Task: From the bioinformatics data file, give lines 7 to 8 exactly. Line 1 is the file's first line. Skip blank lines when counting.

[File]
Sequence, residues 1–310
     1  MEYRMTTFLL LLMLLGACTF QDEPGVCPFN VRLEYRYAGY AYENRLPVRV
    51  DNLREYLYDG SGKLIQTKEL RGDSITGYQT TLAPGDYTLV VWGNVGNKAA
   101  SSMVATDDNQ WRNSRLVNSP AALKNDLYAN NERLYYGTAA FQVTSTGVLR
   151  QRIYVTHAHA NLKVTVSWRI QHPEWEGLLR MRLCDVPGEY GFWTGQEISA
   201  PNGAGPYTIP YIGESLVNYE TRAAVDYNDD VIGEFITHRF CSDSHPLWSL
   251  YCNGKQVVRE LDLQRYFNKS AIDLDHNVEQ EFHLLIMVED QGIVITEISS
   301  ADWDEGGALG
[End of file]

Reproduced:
   251  YCNGKQVVRE LDLQRYFNKS AIDLDHNVEQ EFHLLIMVED QGIVITEISS
   301  ADWDEGGALG